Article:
Buena Regional’s school board and a middle school principal are not liable for injuries suffered by a woman bitten by a dog on school property after hours, the state Supreme Court ruled unanimously Wednesday.

The high court’s ruling reverses a 2012 Appellate Court decision that found the school board and then-J.P. Cleary Middle School Principal Kenneth Nelson liable for the September 2009 incident.

According to court records, Minotola resident Charlotte Robinson, who died in 2011, was crossing the school’s yard when she was attacked by a dog whose owner lived in a house adjacent to the school.

Nine days before the attack, Nelson received a letter complaining of two other attacks by the dog on or near school property, but did not contact the police or animal control. After the incident, Robinson filed a complaint seeking damages for injuries, contending Nelson’s knowledge of the threat posed by the dog made him and the school liable for injuries it caused.

A trial court granted summary judgment to the defendants, but Robinson appealed. A state appeals court reversed the trial court’s decision, saying Nelson had a duty to contact the police or animal control and request the dog’s removal and that his failure to do so was a proximate cause of Robinson’s injury.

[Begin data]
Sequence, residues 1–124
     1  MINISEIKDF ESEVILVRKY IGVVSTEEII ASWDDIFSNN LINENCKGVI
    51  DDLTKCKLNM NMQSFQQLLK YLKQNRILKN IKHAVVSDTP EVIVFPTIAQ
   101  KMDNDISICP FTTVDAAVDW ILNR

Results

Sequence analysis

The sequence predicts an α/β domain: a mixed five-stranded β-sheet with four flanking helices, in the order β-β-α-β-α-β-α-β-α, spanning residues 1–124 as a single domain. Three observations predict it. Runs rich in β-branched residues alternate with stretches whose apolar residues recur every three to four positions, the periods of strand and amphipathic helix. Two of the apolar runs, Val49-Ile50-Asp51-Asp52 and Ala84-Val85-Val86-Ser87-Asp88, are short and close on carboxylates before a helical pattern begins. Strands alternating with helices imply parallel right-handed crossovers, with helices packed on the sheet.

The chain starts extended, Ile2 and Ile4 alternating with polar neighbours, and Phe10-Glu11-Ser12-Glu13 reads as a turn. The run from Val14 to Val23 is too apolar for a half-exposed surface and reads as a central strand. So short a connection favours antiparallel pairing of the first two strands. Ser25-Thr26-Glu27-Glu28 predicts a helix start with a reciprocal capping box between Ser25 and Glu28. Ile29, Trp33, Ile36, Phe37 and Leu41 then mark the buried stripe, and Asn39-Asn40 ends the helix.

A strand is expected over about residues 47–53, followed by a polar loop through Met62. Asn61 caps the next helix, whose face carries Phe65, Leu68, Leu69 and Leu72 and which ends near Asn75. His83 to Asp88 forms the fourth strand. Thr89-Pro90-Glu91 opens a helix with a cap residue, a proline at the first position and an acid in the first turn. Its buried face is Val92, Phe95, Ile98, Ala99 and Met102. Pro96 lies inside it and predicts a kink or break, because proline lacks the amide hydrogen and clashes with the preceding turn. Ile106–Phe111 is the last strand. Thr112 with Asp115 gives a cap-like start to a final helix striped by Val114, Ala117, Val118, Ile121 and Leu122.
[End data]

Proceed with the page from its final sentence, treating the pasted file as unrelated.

The Supreme Court found no such duty on the part of Nelson, saying he had no authority to control the dog or remove it and, on a weekend or extended recess, had no opportunity to prevent an attack on a passer-by or interloper on school property.

Nelson has retired from the district since the incident.

Attorney Mel Lide, who represented Robinson, said he had not yet read the opinion and could not comment.

“I’m satisfied the decision was made by the Supreme Court the way it was, and they recognized that ... someone else's dog is not the responsibility of a school district or its principal,” Superintendent Walt Whitaker said.

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